There are many employers throughout the country who place a premium on highly skilled employees who are happy to do their jobs every day. However, there are also employers who do not always put their employees' health and safety at the forefront of their decision making. As a result, dangerous work accidents are still a part of life for employees in a variety of different employment sectors. But, are employers actually required to provide a safe work environment for their employees?
According to the Occupational Safety and Health Act, a law that was passed by the United States Congress in 1970, the answer is a resounding "yes." There is a specific section of the law which mandates that employers provide a work environment that is free from recognizable hazards that could potentially result in injury or death. The law also states that employers are to comply with all of the regulations that are promulgated by the Occupational Safety and Health Administration.
As was noted, this law was passed 45 years ago. But, do workplace accidents still occur? Absolutely. Are all workplace accidents the fault of employer negligence? Not necessarily, but many of these accidents certainly involve unsafe working environments and other issues that an employer could likely address to make the area of work safer.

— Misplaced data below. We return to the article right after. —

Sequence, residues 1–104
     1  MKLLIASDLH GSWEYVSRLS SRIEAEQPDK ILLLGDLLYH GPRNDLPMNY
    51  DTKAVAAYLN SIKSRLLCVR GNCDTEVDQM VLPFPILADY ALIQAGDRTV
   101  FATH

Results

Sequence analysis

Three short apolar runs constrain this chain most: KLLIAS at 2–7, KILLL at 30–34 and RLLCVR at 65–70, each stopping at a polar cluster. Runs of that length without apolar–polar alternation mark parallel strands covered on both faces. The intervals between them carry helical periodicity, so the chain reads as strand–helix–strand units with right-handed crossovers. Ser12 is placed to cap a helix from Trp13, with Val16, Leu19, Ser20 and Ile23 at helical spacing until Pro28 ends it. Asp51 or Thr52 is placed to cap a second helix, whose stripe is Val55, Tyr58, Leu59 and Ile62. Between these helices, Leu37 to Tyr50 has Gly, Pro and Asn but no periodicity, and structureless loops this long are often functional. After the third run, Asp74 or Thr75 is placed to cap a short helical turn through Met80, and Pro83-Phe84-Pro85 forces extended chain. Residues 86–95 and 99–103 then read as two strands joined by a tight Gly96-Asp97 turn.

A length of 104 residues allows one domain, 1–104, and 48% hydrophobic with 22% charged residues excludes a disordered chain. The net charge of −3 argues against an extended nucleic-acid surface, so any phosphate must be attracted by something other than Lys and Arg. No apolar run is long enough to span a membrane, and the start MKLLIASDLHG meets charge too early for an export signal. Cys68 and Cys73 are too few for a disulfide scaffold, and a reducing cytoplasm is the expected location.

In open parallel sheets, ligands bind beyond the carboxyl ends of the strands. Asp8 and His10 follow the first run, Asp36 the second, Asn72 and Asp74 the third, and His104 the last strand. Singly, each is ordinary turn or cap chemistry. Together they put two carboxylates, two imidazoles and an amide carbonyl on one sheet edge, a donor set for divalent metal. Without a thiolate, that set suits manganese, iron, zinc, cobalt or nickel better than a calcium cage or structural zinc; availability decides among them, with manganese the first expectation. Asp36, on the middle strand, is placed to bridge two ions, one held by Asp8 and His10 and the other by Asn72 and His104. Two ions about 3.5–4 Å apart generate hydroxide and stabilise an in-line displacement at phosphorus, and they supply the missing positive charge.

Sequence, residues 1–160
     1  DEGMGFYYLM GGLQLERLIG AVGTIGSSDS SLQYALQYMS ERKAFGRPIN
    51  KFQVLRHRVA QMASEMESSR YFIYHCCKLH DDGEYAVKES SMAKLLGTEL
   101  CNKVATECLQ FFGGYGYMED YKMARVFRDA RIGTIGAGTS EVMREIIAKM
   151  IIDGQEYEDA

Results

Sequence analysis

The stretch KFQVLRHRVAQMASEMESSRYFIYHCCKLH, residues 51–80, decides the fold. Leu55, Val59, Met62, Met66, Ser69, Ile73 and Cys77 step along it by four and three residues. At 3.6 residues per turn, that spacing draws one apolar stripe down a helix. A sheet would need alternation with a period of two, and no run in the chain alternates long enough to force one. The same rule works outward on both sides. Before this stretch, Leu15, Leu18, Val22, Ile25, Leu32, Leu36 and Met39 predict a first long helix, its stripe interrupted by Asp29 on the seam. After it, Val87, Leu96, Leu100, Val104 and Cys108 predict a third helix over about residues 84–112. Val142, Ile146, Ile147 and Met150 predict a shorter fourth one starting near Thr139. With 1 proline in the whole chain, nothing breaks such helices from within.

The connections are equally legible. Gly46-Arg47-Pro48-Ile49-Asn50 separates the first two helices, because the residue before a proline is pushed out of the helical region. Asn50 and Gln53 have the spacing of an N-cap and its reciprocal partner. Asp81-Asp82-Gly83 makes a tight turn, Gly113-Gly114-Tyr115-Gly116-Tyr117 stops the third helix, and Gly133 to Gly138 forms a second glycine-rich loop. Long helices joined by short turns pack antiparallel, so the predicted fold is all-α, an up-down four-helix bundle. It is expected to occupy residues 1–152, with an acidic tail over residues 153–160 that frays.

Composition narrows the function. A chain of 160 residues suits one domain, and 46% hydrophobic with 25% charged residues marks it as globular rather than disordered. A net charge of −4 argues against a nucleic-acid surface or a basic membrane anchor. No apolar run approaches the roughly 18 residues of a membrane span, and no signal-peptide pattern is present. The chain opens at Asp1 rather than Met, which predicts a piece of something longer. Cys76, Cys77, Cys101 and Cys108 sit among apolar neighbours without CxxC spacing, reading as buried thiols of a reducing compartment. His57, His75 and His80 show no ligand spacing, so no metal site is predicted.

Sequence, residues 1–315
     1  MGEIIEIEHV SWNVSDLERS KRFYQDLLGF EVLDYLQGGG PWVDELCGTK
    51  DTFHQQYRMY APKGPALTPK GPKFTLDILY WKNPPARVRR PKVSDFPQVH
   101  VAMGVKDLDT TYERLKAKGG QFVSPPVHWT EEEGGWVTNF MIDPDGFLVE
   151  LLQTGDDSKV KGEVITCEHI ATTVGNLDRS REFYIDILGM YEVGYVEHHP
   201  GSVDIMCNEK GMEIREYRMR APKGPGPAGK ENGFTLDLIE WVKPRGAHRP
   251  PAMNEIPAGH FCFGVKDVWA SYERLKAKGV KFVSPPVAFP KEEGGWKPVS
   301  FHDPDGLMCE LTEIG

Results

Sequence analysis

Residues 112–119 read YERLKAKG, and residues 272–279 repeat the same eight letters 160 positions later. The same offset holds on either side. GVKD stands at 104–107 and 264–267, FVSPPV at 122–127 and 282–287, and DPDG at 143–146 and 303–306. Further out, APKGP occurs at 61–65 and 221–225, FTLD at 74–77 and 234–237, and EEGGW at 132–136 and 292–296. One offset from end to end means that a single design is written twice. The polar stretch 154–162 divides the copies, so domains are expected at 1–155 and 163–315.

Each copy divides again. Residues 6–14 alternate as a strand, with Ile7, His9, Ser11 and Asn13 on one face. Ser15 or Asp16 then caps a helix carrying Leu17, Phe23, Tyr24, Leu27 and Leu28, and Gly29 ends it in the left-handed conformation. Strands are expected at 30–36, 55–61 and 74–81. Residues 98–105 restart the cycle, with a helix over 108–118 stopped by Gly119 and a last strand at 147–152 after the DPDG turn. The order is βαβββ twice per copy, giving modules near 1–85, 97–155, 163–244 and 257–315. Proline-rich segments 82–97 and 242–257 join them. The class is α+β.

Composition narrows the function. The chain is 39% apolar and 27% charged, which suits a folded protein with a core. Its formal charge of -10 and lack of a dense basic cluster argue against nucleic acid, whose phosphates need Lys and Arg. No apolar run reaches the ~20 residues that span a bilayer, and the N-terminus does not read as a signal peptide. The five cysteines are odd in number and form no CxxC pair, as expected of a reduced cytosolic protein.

When a person is injured in an accident on the job, they may be faced with a number of difficulties. First, they may be unable to work for a certain period of time, meaning that they will lose wages. Next, they may believe that if they report the injury they could face some sort of retaliation from their employer. However, the law protects employees and recognizes that a safe working environment is just one of many critical protections provided to employees.
Source: United States Department of Labor, "OSHA," Accessed Aug. 23, 2015